All the uproar caught the attention of local media outlets throughout the years. The publicity tended to put Castleton and, particularly the fraternities, in a bad light.

“The fraternal organization is built on philanthropy and togetherness, none of that is ever mentioned,” said former Kappa brother Phillip Marcell, to a Rutland Herald reporter. “What’s always mentioned is the partying aspect, the downside of it. The positive side is never mentioned.”

The fraternities used to do community service. Kappa was required to complete at least two philanthropic projects each semester. Sigma brothers had to complete two to four major community service projects each semester. Kappa organized blood drives. Sigma renovated a local daycare center. Bottle drives held were to help support Castleton Village School and donations were made to the Village girl’s soccer team.

Other smaller activities included raking leaves at local churches, helping elderly neighbors with daily tasks like shopping and shoveling snow. They also volunteered at a halfway house for mental ill adults.

But the more negative publicity fraternities received, the harder it became do volunteer work. Nobody wanted to work with people who had such bad reputations. The community basically rejected the idea of being helped by these brothers said Sigma and Kappa members.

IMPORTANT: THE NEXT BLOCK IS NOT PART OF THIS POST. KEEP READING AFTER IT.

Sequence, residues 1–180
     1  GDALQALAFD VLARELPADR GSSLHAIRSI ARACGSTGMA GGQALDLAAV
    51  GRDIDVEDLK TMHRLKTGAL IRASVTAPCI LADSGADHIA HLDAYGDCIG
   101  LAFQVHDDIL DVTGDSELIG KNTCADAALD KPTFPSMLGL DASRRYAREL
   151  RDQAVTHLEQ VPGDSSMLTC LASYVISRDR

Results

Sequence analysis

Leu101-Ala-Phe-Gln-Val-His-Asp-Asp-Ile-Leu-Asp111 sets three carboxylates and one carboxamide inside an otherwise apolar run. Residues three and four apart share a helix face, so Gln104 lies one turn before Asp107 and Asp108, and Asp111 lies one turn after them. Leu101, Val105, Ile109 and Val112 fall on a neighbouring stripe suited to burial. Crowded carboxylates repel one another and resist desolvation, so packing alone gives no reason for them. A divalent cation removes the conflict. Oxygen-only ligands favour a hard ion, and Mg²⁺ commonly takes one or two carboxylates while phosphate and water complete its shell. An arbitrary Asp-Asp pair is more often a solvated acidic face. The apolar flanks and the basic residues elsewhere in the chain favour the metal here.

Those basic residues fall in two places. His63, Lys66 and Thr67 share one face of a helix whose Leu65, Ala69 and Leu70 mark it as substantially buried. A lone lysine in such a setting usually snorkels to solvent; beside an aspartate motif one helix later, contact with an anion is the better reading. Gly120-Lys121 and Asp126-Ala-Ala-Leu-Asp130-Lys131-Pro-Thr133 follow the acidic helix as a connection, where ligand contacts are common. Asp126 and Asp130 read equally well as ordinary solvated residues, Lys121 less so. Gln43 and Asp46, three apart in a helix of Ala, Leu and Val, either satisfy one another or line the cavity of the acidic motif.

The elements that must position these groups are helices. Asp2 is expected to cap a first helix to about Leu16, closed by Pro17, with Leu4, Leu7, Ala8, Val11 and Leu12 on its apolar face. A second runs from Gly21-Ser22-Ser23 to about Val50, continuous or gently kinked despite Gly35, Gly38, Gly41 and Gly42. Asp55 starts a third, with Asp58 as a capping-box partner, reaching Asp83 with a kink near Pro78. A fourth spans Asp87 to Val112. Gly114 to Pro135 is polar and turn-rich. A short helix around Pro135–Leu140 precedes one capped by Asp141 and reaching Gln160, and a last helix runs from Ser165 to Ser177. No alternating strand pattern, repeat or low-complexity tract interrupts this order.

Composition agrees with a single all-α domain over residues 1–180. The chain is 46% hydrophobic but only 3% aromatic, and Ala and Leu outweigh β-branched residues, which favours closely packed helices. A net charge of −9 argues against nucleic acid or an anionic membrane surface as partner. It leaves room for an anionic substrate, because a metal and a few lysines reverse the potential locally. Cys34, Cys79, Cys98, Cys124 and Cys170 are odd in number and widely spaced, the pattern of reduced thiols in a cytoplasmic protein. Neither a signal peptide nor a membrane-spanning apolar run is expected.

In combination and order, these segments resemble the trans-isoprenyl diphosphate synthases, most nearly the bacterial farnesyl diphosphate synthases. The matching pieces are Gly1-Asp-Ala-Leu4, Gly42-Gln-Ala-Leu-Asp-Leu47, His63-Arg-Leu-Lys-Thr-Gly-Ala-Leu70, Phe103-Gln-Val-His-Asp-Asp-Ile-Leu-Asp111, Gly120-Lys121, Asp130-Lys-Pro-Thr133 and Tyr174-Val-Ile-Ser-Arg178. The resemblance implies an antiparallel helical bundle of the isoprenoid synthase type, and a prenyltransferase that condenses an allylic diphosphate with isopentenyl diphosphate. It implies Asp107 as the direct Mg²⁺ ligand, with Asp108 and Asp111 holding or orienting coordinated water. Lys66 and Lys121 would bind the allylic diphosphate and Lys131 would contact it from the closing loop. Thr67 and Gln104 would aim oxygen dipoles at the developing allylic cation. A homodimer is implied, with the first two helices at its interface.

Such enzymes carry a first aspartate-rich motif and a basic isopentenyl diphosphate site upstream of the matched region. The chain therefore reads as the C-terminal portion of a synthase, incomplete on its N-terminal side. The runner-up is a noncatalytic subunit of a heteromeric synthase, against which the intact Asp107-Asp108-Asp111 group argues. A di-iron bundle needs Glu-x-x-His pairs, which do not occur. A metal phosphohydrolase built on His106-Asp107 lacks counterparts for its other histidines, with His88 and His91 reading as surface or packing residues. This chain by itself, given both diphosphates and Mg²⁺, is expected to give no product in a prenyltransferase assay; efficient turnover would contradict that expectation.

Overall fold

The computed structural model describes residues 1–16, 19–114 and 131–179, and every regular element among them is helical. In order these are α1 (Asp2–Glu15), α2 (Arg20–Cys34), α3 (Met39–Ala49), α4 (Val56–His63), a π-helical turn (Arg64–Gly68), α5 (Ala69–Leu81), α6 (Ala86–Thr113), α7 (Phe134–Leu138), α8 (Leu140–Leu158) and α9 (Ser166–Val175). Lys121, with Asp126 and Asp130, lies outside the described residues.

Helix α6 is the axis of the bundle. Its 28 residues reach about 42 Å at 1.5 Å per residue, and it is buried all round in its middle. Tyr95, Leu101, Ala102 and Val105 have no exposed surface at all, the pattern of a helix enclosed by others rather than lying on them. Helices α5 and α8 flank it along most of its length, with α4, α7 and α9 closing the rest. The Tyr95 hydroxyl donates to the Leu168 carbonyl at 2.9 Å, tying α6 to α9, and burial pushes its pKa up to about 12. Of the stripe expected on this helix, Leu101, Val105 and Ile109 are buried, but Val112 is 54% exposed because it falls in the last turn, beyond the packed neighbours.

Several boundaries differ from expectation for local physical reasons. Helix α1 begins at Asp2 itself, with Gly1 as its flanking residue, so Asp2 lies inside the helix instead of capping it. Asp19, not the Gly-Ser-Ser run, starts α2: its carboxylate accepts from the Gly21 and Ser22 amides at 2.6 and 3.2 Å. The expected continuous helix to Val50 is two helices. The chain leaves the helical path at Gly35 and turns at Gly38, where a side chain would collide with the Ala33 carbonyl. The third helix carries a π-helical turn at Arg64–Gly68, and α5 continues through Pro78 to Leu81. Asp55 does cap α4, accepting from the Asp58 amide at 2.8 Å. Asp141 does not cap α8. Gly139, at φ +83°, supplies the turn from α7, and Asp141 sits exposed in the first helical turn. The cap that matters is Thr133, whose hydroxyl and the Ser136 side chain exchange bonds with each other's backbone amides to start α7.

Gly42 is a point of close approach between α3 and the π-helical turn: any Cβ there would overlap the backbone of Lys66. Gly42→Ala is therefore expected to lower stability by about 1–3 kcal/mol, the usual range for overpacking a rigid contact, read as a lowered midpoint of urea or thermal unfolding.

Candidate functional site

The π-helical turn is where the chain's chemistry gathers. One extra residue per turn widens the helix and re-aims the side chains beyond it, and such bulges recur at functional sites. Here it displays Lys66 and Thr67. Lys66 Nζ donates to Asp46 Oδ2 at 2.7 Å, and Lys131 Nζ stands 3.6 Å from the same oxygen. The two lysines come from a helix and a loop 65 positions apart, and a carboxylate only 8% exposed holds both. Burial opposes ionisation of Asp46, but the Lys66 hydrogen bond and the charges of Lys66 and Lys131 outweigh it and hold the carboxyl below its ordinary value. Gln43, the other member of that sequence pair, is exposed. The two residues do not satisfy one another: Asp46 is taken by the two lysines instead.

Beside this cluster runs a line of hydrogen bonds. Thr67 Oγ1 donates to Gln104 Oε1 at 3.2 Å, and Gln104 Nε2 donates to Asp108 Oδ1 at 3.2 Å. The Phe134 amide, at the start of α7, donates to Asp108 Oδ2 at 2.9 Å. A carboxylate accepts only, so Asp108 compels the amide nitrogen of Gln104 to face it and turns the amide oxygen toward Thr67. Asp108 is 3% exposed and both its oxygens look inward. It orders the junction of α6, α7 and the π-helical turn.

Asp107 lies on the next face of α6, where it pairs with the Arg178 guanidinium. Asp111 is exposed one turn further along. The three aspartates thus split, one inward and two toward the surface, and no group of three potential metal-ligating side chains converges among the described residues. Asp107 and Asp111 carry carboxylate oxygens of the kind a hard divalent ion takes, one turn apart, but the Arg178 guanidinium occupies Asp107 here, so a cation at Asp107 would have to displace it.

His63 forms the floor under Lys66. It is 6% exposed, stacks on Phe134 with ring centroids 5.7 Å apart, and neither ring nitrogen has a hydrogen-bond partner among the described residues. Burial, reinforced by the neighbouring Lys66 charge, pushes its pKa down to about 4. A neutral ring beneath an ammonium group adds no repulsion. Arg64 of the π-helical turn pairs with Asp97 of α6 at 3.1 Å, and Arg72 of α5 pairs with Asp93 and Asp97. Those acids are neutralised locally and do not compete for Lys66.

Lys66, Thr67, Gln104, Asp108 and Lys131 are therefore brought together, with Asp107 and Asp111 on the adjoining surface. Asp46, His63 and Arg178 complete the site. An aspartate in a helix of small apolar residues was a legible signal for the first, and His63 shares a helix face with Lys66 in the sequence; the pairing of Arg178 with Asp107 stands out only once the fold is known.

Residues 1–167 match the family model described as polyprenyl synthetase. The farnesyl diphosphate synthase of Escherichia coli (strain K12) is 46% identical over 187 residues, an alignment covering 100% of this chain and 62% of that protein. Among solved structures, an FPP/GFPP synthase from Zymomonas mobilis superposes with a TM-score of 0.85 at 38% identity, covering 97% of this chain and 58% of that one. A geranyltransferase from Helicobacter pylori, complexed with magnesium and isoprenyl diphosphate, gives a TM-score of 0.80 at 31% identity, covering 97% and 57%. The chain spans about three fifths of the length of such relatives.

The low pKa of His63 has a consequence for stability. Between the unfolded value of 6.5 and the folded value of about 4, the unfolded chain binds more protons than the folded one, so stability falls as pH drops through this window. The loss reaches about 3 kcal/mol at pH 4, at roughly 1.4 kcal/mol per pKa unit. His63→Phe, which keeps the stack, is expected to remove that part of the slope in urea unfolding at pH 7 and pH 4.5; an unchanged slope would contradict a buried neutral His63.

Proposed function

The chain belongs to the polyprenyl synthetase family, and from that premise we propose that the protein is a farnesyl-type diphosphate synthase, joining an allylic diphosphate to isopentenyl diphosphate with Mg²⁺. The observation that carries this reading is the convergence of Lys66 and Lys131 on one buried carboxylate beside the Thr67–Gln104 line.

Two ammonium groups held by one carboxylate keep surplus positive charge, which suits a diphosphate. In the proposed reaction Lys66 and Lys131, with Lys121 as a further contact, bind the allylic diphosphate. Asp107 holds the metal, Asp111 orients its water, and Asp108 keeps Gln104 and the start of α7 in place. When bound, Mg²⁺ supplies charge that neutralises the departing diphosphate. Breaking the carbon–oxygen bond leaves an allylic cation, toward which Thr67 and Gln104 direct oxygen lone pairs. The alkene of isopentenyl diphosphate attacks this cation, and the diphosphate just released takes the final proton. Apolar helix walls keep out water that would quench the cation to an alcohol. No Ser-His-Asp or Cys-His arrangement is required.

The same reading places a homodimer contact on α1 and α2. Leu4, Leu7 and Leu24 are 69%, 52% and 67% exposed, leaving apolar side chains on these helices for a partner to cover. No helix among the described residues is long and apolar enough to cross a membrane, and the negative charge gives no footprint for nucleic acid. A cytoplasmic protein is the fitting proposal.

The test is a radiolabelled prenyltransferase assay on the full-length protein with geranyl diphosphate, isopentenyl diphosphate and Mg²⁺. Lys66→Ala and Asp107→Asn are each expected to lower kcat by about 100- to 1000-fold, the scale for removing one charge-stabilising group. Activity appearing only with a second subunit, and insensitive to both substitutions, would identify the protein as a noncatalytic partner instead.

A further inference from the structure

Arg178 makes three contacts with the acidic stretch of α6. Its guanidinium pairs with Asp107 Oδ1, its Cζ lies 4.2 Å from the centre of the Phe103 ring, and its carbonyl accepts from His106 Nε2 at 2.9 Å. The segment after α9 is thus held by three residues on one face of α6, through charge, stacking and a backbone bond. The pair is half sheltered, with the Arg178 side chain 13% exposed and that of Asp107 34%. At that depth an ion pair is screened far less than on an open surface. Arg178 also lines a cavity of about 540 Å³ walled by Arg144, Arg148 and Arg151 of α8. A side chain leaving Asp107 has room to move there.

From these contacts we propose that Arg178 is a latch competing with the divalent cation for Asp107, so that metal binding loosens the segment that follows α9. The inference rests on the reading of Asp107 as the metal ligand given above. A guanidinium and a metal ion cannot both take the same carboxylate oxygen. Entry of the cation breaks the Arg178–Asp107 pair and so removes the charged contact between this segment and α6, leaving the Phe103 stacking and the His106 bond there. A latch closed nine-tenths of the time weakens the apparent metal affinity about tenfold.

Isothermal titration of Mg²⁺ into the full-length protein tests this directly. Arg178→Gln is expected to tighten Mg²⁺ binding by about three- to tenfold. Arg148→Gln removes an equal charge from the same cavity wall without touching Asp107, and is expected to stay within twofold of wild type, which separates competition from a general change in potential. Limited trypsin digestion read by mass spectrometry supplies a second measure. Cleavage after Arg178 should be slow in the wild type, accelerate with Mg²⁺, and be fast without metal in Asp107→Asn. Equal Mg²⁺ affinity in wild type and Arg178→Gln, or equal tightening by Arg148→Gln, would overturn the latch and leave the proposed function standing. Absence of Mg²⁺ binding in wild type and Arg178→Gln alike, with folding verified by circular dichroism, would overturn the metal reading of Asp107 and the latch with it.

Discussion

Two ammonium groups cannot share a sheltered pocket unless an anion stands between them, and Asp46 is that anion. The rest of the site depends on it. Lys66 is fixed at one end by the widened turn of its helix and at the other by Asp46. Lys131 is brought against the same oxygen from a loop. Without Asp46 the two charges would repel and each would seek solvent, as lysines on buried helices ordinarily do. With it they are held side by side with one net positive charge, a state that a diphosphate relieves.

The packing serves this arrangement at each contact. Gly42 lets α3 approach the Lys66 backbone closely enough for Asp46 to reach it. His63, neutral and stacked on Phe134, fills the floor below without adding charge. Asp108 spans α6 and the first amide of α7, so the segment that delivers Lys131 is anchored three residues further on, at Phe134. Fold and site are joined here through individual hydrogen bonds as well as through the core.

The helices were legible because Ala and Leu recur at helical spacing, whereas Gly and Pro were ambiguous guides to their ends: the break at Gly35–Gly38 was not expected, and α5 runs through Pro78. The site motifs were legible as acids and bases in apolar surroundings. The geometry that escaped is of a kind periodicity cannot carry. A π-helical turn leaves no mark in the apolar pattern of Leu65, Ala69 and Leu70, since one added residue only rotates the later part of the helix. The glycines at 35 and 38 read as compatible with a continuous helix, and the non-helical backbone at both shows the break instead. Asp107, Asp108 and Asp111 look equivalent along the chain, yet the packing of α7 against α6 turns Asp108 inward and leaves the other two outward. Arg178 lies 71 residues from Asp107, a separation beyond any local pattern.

Multiple times the town tried to zone the fraternities out. Castleton town officials felt pressure from residence to get the fraternities out of the community.

Local landlord Howard Smith, who also is one of the founding members of Sigma, said the zoning citations are “just another attempt by the town to get these kids out.”

Administrative forces at the college also worked to shut down the fraternities. Stone believes “there was no redeeming qualities” in CSC fraternities. He called Kappa’s national headquarters to complain about the fraternity. National officers from Kappa came to Castleton and put stipulations on their local brothers. Local Kappa brothers did not fulfill the requirements placed on them so the national office revoked the chapter, Stone proudly said.

That was the official end to the Kappa fraternity. Some of the brothers lingered at Castleton for a few years, but none remain today. Their sister sorority died out around the same time as members graduated and new pledges were nonexistent.

Stone also works to marginalize what is left of Greek life at Castleton. His employees tell all incoming freshman to stay away from the fraternities and sororities because they are dangerous places. A CSC sophomore recalled her freshman orientation where she was told the fraternities and sororities were not real.